Alexandra: Or the name of the book: Wing of an Angel. If you search for that, it comes up.
Jacqueline: Yeah. Brilliant. And then if they didn’t want to do that, and they just want to buy the book, and they want to wait, then the book will be released later this year. And it will be on Amazon, on the different countries. And so that’s also a possibility. But I love you to support me on Kickstarter.
Alexandra: And if people aren’t aware, it is really expensive to publish a book. I mean, you’ve got editing costs, and then the production costs and marketing and all that kind of stuff. Cover design.
Jacqueline: Developmental review. It’s a lot.
Alexandra: And then when you bring the audiobook into it, that’s really expensive because of course, narrators are so talented, and they do such good work, but it costs to hire a narrator and that kind of stuff.
For the listeners again, it’s kickstarter.com and then they can just search for Wing of an Angel and they will they will be able to find the project. It’s live right now as this goes out. So this is going out October 18, 2023. And for anyone listening and they can go and have a look.
Jacqueline, it’s been so lovely talking to you. As we come towards the end of our time together anything that we haven’t touched on yet that you’d like to share? It could be about your work or about the book.
Jacqueline: I just want to leave people with a message really, if people want to find out about my work, they can just google me and all my all my stuff comes up. But I’d love to leave people with a message which is it always seems like Well, that’s okay for you. It always seems like people do those things, that’s okay for them people, right? People do this, people do that. And it’s different for me, because I’ve got all these things and reasons why.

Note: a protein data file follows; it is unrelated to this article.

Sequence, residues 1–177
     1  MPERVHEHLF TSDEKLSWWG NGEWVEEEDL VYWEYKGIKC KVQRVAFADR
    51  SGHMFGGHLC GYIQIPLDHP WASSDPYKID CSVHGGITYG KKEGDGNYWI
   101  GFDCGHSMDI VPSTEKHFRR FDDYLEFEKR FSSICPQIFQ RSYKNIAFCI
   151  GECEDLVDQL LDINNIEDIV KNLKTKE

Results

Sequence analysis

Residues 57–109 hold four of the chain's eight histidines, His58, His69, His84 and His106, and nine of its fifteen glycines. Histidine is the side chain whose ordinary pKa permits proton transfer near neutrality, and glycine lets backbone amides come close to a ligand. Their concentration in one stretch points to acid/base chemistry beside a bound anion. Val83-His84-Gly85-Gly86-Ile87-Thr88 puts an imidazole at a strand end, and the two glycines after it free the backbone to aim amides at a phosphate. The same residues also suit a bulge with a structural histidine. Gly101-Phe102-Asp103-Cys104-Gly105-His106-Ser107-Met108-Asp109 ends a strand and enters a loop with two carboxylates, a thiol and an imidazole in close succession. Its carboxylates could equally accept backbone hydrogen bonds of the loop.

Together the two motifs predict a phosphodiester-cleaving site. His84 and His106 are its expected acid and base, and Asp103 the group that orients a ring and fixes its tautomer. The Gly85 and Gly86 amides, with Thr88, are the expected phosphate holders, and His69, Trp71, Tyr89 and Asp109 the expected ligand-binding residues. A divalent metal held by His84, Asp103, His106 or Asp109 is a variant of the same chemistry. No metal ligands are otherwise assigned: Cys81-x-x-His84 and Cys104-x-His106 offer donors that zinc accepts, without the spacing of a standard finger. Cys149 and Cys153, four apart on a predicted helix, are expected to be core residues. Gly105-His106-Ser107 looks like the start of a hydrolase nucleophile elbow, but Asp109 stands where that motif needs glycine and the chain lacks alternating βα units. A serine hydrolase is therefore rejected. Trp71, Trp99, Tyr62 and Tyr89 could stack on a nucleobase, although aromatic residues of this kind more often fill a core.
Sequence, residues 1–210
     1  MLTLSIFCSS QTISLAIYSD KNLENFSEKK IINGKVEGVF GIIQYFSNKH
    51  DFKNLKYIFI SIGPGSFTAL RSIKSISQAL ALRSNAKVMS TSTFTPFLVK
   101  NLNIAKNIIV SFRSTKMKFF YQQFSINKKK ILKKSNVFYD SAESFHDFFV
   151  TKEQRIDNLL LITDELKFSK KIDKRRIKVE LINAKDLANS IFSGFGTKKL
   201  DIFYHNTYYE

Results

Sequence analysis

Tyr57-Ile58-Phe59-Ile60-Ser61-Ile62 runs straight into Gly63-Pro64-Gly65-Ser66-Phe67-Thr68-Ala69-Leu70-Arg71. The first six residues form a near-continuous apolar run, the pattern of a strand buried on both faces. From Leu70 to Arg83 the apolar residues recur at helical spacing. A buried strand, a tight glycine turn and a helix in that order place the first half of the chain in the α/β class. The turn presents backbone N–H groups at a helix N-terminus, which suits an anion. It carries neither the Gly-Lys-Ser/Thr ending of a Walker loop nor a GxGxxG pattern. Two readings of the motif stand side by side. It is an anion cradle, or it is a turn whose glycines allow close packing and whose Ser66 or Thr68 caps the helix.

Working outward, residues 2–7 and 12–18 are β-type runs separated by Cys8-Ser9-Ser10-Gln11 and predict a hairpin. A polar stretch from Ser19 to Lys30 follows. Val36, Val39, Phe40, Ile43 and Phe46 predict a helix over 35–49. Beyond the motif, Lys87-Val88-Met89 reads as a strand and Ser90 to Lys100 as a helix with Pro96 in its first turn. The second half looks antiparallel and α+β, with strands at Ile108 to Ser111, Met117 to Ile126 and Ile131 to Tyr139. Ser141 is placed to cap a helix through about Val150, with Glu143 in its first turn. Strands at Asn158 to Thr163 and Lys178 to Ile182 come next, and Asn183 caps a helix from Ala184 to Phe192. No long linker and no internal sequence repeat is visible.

One of those problems is manifesting, I couldn’t go and volunteer in a homeless shelter, or I couldn’t go in to my local refugee hostel, and help the women there. But who am I?
I want the listeners to know, we all think that. It, we all think and a lady said to me recently, she wanted to go and have a drumming circle for women in the refugee hostel down the road. They’re kept in terrible conditions. And she just wanted to go and be nice and be helpful. And she actually, and she’s an amazing person. And she actually thought, well who am I to do that.
Obviously, I encouraged her to do that. And she is going to do that. But she thought to herself, and the reason why she came to me is, if Mama J had thought that, then she wouldn’t have gone into prison. And it’s true. I did think it but I did it anyway.
I just want everyone to know that. You don’t have to do something. But if you if it occurs to you, and if you keep getting your heart tugged, then please go do it. Because everybody else is thinking someone else will do it. And they need your life. They need your life. And that’s what you’re being called to do. And it doesn’t have to take over your life, like it took over my life. It can be voluntary, it can be a few hours it can be it can be just being nice to someone who’s on the streets, right? And if you feel called to do it, and you get that to just go do it, and you figure out the rest.
Alexandra: Lovely. Oh, I love that. Thank you for saying that. That’s beautiful. So we’ve mentioned the Kickstarter address. And then Beyond Recovery is the social enterprise that you have. What’s the what’s the web address? There’s beyondrecovery.co.uk.
Jacqueline: Yes. And the mentoring website is JBHollows.co.uk. Like I say, if you Google my name, I’m usually like on the first lesson things I’m famous.
Alexandra: Oh, good. All right. Well, thank you again, so much, Jacqueline. It’s been a real pleasure.
Jacqueline: Thank you.
Alexandra: Take care. Bye bye.